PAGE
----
Much has been made of how the word 鈥渟orry鈥 might sabotage women, both in and out of the office. 鈥淔or so many women, myself included, apologies are inexorably linked with our conception of politeness,鈥 says Sloane Crosley in a recent New York Times piece. But instead of broadcasting good manners, what 鈥渟orry鈥 really does is get in women鈥檚 way. 鈥淭he sorrys are taking up airtime that should be used for making logical, declarative statements, expressing opinions and relaying accurate impressions of what we want,鈥 she says. Now, the latest buzz is that in addition to 鈥渟orry,鈥 women have just got to stop saying 鈥渏ust.鈥

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After realizing female friends and coworkers used 鈥渏ust鈥 more than men, LinkedIn influencer and Google alum Ellen Petry Leanse tackled the subject in a blog post that鈥檚 been spreading like wildfire. 鈥淚t hit me that there was something about the word I didn鈥檛 like. It was a 鈥榩ermission鈥 word, in a way 鈥 a warm-up to a request, an apology for interrupting, a shy knock on a door before asking, 鈥楥an I get something I need from you?鈥欌 Leanse says.

Even worse, it could lead to a child-parent dynamic, with whoever was doing the 鈥渏ust鈥漣ng immediately being in a position of subordination. 鈥淚t鈥檚 a subtle thing. You should be taking an assertive stand when you have something to say, but 鈥榡ust鈥 has a negative connotation that can undermine your confidence,鈥 says Alexandra Levit, co-founder of the Career Advisory Board.

To combat this effect, Leanse looped in her coworkers and they made a vow to eliminate the word. 鈥淲e started noticing when and how we used 鈥榡ust鈥 and outing each other when we slipped,鈥 Leanse says. 鈥淥ver time, frequency diminished. And as it did we felt a change in our communication鈥攅ven our confidence. We didn鈥檛 dilute our messages with a word that weakened them.鈥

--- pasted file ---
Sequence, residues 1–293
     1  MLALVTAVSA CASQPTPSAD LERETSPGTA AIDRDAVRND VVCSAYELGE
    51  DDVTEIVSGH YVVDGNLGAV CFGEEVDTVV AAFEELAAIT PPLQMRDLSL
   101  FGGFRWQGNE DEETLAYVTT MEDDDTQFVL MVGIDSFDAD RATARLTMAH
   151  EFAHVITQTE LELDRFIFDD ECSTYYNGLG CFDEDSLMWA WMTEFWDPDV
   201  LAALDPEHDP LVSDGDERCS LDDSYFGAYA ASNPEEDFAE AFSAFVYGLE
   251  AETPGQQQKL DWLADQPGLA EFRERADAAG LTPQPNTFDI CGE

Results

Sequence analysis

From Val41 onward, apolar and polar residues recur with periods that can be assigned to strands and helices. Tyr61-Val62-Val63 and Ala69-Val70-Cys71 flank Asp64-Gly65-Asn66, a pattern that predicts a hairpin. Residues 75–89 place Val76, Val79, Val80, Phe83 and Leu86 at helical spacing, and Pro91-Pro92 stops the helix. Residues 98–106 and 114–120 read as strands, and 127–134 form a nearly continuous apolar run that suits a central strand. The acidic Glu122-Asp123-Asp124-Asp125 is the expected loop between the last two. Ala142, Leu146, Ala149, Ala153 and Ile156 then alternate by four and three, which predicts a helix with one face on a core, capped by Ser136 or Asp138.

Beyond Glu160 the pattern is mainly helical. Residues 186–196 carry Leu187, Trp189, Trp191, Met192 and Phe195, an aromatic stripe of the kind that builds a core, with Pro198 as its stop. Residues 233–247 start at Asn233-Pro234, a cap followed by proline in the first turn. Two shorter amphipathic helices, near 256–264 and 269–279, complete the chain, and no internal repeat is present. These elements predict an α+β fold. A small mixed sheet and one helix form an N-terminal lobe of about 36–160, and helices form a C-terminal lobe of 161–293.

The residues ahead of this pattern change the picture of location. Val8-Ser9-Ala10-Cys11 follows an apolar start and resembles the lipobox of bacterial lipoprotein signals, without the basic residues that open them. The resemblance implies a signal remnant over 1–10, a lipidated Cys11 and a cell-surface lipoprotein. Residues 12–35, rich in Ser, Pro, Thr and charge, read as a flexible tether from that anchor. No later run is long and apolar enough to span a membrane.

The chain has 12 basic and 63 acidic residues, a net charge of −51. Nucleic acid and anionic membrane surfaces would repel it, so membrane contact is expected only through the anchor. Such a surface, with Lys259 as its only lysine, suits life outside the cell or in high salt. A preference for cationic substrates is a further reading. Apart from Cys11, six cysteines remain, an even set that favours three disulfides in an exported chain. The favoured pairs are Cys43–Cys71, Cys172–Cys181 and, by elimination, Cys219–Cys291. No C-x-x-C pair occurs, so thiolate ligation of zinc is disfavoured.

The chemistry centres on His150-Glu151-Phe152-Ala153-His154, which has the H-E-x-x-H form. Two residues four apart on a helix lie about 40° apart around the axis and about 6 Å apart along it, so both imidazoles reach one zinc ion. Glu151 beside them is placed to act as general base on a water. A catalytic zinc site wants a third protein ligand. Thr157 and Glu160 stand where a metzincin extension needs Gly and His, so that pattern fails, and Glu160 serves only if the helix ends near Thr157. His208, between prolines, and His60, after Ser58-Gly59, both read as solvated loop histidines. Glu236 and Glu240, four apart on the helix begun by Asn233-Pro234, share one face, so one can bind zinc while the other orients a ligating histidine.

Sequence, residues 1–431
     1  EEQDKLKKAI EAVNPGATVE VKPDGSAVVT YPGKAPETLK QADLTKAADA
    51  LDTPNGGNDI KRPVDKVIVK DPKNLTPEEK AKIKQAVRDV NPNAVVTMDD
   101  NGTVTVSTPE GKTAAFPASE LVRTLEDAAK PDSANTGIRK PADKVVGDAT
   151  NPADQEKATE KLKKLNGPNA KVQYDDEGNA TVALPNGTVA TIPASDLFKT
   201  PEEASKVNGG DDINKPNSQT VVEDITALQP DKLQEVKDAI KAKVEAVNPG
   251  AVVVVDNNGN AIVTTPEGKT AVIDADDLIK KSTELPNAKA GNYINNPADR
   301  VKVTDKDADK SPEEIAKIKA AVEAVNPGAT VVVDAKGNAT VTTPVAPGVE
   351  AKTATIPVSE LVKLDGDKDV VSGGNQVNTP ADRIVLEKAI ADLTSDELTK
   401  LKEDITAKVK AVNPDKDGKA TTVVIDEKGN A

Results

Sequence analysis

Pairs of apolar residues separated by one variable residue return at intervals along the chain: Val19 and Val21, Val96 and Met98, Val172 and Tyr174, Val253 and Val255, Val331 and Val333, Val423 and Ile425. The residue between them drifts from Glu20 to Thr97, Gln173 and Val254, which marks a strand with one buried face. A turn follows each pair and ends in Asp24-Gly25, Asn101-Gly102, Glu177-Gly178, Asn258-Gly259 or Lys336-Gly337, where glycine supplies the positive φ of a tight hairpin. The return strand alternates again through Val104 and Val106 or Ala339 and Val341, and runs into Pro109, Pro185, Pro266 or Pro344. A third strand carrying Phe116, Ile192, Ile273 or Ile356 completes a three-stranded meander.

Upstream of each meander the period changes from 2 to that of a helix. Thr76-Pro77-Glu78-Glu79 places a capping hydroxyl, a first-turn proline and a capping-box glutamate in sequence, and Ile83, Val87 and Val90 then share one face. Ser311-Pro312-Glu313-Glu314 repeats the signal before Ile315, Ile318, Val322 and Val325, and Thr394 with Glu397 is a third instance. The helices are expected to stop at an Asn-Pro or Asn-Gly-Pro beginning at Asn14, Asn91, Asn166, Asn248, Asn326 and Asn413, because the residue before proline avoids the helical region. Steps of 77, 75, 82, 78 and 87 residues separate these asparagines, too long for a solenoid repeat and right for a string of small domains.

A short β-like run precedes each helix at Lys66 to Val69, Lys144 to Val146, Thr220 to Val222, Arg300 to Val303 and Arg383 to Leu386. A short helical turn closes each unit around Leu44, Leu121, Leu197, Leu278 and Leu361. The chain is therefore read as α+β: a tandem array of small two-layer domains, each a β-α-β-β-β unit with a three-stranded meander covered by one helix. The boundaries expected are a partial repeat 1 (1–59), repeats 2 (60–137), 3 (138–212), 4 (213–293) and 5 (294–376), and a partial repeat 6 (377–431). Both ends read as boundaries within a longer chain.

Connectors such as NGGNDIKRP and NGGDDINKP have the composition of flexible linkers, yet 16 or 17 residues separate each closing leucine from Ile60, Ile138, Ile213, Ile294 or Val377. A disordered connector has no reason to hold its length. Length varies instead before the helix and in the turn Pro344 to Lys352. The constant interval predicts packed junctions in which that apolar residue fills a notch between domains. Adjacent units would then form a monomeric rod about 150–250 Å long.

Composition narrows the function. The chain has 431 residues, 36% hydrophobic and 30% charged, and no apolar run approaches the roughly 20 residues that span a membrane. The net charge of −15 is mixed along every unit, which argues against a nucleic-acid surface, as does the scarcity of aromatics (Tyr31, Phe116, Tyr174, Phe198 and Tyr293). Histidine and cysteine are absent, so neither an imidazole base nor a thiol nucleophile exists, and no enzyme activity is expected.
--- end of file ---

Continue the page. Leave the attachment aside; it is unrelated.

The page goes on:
While it鈥檚 an intriguing argument, there鈥檚 been some backlash to the suggestion that women need to alter how they speak in order to be taken more seriously. 鈥淎t first blush, all of this speaking advice sounds like empowerment. Stop sugarcoating everything, ladies! Don鈥檛 hedge your requests! Refuse to water down your opinions! But are women the ones who need to change?鈥 says Ann Friedman on The Cut, wondering why everyone is focusing so much on how women talk. 鈥淚f I鈥檓 saying something intelligent and all a listener can hear is the way I鈥檓 saying it, whose problem is that?鈥

While Levit admits it would be nice if how women spoke didn鈥檛 matter, she says that鈥檚 simply not the reality of the world today. 鈥淎s women, we need to take charge of the way we come across and do everything in our power to combat negative perceptions. Sometimes that means acting a little more aggressively and eliminating certain words from our vocabulary,鈥 Levit says. Ready to distance yourself from 鈥渏ust鈥 and 鈥渟orry鈥? Here are Levit鈥檚 tips:

1. Focus on writing first.

Before you鈥檙e used to life without these two words, it鈥檚 easiest to catch yourself slipping in emails. 鈥淚t鈥檚 a good habit in general to proof emails for unnecessary words before you send them out,鈥 says Levit, who suggests you ask yourself these three things: Does anything sound too wordy or include any unnecessary information? Are any action items clearly explained? Lastly, are there any words that are undermining the message? If so, take them out. 鈥溾楯ust鈥 often shows up right in the beginning, when you say you鈥檙e just checking in or just wanted to see if they have something you need,鈥 says Levit.

2. Only apologize when it鈥檚 actually necessary.

It鈥檚 especially tempting to slip into the 鈥渟orry鈥 habit in the beginning of your career or when you鈥檙e at a new job and generally unsure of how you鈥檙e doing. It鈥檚 still worth it to stop, says Levit. 鈥淩eserve the use of 鈥業鈥檓 sorry鈥 for when you鈥檝e done something wrong. Don鈥檛 apologize for doing a job, taking people鈥檚 time, or offering them something of value,鈥 says Levit.

3. Emulate women you admire.

Think of well-respected women who are high up at your job, then take a cue from them. 鈥淩ead their emails carefully and make note of their communication style. You obviously want to have your own, but some people have really mastered a friendly, yet firm assertiveness,鈥 says Levit. If you work in a male-dominated industry or from home, turn to quotes from and videos of incredible women like Kerry Washington and Sheryl Sandberg for your powerful-ladies fix.

Will you be more conscious of the 鈥渟orry鈥 habit at work? Weigh in the comments below.

This post was originally published on Levo League by Zahra Barnes.